Don't get me wrong, I love concrete. I think that it is one of the greatest human inventions. But deification of and designing around exposed concrete is a fatal mistake that is in line with modernist American thinking around the time these buildings were built: Who gives a shit about the people, make way for the industrial infrastructure. This wall needs to withstand winds of x mph and house x number of people and leave room for the parking lot and that's all that matters. Brutalism reduces architecture and construction to it's atomic component. Yes, it's artistically interesting, but it's not pleasant.

The post-industrial cars-first attitude that nearly destroyed my country goes hand in hand with modernism and brutalism and I hate it. I'm not saying that everything needs to be Victorian or classical or beaux-arts or no one should try anything new. I'm saying that sometimes architecture hits dead-ends and makes mistakes, and it's not wrong to go back and remove them so we can try again.

Certainly many brutalist buildings "function" well. Many were well programmed and support the number of humans doing the tasks they are meant to do within them well. But they are oppressive, not built to a pedestrian scale, often ugly, usually bland, and they contravene thousands of years of traditional knowledge and practice for the sole purpose of being reactionary and making a statement.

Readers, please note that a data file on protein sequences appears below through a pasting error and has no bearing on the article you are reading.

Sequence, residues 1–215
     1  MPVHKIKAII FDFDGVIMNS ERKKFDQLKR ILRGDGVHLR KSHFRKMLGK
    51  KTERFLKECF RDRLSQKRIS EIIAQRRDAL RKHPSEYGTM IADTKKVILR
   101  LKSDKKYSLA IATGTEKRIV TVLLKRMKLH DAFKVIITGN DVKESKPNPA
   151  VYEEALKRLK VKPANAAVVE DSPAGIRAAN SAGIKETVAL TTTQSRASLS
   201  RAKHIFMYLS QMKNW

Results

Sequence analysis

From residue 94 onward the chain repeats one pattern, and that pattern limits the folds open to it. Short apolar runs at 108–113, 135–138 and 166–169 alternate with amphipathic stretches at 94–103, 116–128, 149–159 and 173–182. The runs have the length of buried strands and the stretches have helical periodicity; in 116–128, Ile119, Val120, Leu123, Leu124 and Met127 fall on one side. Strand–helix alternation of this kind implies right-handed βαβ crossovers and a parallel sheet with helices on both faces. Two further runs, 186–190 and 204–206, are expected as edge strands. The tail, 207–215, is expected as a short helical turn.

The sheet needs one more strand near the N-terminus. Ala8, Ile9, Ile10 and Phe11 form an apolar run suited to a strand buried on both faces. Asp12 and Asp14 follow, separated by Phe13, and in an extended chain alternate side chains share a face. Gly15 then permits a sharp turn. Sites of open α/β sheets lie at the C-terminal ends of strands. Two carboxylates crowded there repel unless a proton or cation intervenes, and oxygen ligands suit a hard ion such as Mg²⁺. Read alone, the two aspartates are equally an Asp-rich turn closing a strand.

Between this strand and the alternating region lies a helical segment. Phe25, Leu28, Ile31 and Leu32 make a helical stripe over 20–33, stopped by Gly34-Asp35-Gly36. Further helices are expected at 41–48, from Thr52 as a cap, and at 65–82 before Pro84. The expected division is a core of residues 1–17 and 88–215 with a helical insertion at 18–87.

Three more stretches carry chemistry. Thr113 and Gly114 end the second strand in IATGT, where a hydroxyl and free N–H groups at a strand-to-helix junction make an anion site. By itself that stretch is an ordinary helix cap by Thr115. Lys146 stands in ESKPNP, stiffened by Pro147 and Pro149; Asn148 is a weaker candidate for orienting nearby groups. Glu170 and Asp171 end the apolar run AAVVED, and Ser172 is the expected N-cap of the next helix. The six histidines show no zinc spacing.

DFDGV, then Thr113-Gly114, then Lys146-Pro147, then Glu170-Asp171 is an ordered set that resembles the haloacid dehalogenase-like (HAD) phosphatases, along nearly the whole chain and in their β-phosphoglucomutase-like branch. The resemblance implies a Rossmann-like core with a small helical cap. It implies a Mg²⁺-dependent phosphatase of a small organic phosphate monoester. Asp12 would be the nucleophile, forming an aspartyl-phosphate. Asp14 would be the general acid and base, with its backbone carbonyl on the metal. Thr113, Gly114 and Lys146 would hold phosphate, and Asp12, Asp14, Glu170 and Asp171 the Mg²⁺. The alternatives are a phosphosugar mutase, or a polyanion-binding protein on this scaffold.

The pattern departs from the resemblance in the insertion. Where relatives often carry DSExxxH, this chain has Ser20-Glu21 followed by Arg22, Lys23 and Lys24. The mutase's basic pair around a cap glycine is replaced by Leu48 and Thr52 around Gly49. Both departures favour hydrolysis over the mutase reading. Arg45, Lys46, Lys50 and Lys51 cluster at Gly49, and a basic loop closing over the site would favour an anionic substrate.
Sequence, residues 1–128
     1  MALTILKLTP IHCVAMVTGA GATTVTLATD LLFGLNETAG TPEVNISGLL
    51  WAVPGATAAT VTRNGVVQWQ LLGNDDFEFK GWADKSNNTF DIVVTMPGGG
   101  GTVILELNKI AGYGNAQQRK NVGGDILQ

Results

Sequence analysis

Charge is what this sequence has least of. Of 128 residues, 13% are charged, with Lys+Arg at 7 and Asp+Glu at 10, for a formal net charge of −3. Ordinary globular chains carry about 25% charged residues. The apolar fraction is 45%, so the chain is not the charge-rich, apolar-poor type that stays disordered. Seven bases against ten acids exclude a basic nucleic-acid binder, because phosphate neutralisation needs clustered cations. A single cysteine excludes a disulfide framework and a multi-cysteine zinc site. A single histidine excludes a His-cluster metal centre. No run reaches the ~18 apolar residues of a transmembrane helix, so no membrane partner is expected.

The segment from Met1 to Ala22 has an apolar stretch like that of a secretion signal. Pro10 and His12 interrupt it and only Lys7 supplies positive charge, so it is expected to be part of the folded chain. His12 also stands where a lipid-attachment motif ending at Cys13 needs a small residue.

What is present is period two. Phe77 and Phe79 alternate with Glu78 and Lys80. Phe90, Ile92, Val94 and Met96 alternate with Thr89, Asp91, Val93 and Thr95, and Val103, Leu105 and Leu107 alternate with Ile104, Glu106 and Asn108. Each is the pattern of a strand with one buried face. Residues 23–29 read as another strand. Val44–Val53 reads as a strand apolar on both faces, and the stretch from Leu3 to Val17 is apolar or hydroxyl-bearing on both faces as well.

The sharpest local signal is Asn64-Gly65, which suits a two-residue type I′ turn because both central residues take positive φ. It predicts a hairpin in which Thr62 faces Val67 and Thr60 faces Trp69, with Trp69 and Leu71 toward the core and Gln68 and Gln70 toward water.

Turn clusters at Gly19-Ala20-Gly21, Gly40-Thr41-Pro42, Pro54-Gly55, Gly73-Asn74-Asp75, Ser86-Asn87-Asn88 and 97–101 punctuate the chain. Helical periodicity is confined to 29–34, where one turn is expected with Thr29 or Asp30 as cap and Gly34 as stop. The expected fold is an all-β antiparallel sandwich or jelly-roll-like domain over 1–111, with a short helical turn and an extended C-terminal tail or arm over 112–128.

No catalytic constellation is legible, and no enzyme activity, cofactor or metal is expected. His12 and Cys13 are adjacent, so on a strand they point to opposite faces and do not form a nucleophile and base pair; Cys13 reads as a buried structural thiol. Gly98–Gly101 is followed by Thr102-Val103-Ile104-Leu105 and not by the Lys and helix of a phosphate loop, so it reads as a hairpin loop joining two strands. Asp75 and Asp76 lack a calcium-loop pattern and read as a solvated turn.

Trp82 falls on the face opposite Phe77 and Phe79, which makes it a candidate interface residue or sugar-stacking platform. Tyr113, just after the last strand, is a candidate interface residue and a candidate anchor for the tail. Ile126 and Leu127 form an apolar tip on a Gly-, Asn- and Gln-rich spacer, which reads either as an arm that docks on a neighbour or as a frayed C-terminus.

@Nelson Trautman Jesus fucking christ Nelson

Max Clarke (#3,635)

@Nelson Trautman "The conceit of modernism in general is that it is possible to design a building that is 100% functional and without an individual style."

Wow, there are so many examples of VERY individualistic modern buildings… and brutalism in particular is replete with weird and unique structures. In fact most of them are not anything like purely functional "machines for living", even if that was le Corbusier's stated ambition.

Paul Rudolph's building for the Yale School of Architecture (which I've visited a number of times) has something like 34 different floor levels (in a building that's about 6 stories tall). That's not strict functionalism… in fact it's pretty damn eccentric, and even a source of complaints from some quarters. But that eccentricity is part of what I love about it.